The winners of our annual 95-word fiction contest
Here are the winners of our annual micro-fiction contest. Our challenge to y’all: write a tiny story that’s exactly 95 words long. Your reaction: more than 160 submissions—some tear-jerkingly poignant, others gut-bustingly hilarious.
The contest judges—a.k.a. the RN&R editors, wearing different hats—all agreed that this year’s batch was one of the strongest ever. The winners and other favorites are below—hope you enjoy reading them as much as we did. Huge thanks to everyone who submitted stories, and congrats to all the winners!
The Lost Language of Childhood
At 5, he was kidnapped from his tribe and sent to Indian school. Lost for years among all the other weeping Indian kids, beaten for speaking his mother-tongue, he learned English and forgot the rest. He grew up, married, had children, grew old. His mother’s tribe died out. One day, the old man suffered a stroke. Sent to a nursing home, suddenly five years old again, he remembered only his mother’s tongue. His one remaining daughter knew only English. Hour after hour she sat unable to comfort a lost 5-year-old crying out to his mother.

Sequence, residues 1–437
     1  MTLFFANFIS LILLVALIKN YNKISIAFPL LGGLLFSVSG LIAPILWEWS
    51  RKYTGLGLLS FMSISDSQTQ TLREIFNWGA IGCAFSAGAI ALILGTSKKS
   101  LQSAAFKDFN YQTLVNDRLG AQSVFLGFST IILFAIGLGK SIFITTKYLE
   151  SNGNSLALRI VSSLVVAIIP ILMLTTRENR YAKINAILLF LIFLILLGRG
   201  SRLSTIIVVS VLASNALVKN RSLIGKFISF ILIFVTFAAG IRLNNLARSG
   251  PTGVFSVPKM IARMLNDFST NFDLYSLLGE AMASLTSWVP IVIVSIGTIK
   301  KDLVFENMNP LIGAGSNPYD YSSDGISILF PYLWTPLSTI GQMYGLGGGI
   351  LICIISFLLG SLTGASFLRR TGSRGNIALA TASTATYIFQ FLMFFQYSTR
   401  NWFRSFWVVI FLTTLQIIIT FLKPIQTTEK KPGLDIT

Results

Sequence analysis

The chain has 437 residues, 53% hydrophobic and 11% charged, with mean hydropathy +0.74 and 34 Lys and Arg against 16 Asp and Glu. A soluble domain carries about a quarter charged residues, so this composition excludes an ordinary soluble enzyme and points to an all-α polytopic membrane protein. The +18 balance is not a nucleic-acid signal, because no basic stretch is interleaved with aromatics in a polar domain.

—Janet (Mackie) Marriott
A staredown measured in the lifetime between red and green. A cop trained in reading people. Me piloting a rolling fix-it ticket V-Dub bug laden with pounds of skunk-reeking weed.
We’re stopped side-by-side eyes locked under a deserted midnight stoplight’s red glow.
He knows. How can he know?
Look away. Don’t look away!
Whoa, I’m stoned …
In a millisecond, his face flips red to green signaling the wordless interrogation’s end. Cop countenance broken he rolls away seeking a more obvious perpetrator.
Exhaling, I vow to buy a new ride when this last deal is done.
In sixth grade, Liz and I stole our first bras at the downtown Woolworth’s. Memories pour in like a music video in flashback bites. The #7 bus we took into the city, the rows of folded, satiny bras, her shoulders shivering in laughter as we pushed on the revolving exit doors. We are old wise women now walking the balance beam of remembering and forgetting; the bra-stealing caper was only the first act. The play’s denouement was understanding the necessity of having a foxhole friend. The bras did not fit. But we laugh forever.
The Ruler of the World